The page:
Dear People of St. Catherine’s,
It is a sobering month, this September. We feel overtaken again by the Covid pandemic. Schools are in turmoil, more people are being affected by the virus, including members of St. Catherine’s. Our schools have become battlegrounds over public health policies. And it seems never ending, this terrible pandemic.
The forces of nature and the darkness of political terror have risen up again to destroy people and communities, in Haiti after the earthquake and in Afghanistan, after the Taliban takeover. Even to us who shelter in place in relative comfort and safety, these are sobering reminders that the world is often dangerous and dark.
Finally, this month is the twentieth anniversary of that terrible day when suicidal fanatics flew planes into the World Trade Center and the Pentagon and crashed in the field in Pennsylvania. Twenty years! An entire generation. Those who were orphaned on that awful day are now grown up. The rubble is long since removed, the victims of that horrific attack have been long mourned, we have now had three presidents since George Bush was seen reading to schoolchildren while his aide whispered in his ear about the attacks, and Osama Ben Laden is dead and gone.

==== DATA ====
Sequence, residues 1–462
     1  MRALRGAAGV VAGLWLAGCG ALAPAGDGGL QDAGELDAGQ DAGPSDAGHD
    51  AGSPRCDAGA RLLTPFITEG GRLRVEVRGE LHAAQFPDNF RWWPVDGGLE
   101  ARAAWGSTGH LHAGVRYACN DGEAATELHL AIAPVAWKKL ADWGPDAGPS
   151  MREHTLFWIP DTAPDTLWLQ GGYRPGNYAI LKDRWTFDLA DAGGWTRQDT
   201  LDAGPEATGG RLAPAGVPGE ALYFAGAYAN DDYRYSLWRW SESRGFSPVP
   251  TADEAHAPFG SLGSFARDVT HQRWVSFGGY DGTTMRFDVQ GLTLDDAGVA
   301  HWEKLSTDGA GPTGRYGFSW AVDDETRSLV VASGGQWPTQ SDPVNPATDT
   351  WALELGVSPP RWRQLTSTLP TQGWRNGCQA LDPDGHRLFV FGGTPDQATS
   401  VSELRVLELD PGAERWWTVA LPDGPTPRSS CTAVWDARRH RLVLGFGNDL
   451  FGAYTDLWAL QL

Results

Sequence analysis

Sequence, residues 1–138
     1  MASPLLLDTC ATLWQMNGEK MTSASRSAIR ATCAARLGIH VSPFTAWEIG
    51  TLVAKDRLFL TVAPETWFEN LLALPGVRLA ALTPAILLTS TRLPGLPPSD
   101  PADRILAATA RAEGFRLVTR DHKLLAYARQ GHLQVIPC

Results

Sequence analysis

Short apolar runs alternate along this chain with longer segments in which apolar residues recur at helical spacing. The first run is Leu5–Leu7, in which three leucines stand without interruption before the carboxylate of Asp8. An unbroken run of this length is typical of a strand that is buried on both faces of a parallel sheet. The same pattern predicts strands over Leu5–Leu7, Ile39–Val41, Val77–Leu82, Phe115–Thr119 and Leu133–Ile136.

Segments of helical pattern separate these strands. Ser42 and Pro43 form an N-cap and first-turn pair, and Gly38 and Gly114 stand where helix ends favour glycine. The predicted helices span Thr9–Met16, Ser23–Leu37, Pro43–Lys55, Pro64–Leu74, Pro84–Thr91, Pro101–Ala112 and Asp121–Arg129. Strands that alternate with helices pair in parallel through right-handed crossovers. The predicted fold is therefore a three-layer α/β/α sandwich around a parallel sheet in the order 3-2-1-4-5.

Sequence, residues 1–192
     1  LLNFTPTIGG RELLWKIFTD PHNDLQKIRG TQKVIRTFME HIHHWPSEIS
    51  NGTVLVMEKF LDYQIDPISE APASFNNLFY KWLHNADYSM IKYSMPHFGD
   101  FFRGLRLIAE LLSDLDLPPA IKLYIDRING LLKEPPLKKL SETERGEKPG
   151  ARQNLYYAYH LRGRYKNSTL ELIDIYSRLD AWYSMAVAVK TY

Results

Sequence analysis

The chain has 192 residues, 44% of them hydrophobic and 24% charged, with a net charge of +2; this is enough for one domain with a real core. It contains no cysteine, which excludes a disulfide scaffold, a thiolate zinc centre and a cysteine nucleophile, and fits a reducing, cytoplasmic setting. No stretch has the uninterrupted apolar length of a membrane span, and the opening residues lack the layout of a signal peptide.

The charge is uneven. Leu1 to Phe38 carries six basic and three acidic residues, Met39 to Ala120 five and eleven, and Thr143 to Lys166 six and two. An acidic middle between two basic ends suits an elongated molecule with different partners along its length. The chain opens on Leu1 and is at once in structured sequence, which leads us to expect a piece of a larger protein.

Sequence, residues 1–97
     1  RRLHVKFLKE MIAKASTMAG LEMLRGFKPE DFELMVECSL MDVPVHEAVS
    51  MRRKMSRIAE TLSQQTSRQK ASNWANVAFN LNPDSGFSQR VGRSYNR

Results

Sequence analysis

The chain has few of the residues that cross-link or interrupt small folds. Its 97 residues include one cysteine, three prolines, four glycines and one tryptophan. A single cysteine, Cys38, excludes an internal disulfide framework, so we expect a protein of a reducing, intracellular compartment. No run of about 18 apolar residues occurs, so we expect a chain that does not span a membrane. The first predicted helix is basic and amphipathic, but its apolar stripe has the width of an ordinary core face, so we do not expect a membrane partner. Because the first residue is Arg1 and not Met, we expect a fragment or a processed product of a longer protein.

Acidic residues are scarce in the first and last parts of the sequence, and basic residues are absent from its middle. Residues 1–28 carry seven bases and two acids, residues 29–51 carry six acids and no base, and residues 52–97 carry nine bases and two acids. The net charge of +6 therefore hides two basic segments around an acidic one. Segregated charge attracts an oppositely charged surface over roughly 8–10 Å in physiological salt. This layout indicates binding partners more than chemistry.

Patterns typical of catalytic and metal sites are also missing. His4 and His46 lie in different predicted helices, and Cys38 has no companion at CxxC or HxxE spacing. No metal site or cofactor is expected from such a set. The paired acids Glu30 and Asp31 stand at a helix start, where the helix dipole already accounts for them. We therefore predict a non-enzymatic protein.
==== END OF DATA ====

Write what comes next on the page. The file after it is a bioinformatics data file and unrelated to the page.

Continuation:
But, this anniversary stands for us, now and always, as a testimony to the darkest impulses of religious faith. The worst thing of all, for me, about those attacks, is that God’s name was shouted as the planes crashed. The terrorists believed that their terrible destruction was an act of the greatest piety. The trusted that they were pleasing God.
We cannot count the ways in which religious faith has been the justification for brutality, destruction, terror and harm. Witness the crusades, the enslavement of millions, the discrimination of women, gay and lesbian people, or just people who are different. Civil wars have been fought in America, Ireland, Sri Lanka, and all over the earth, with both sides claiming divine sanction. It’s enough to make you renounce all faith.
Except, this month we are hearing the Letter of James in our Sunday liturgy, and if ever we needed this “epistle of straw” (as Martin Luther called it), it is now. James pushed back on the “just believe, baby” brand of Christianity. He said: show me your faith, don’t just talk about it. And finally, he says what must be said in all times and places, when pretend believers are bellowing about “God” and are inflicting harm and fear on all around them. James says simply:
Religion that is pure and undefiled before God, the Father
is this: to care for orphans and widows in their distress.
So, in this sober month, I invite you to return with me to the root of all religion. Let us care for orphans and widows. Let us keep schoolchildren safe. Let us allow all persons to live in dignity. Let it be our care and vocation to speak peace to all and render the world a place of honor and joy.
With hope in God for all the earth,
Allen W. Farabee, Interim RectorPosted in Newsletter
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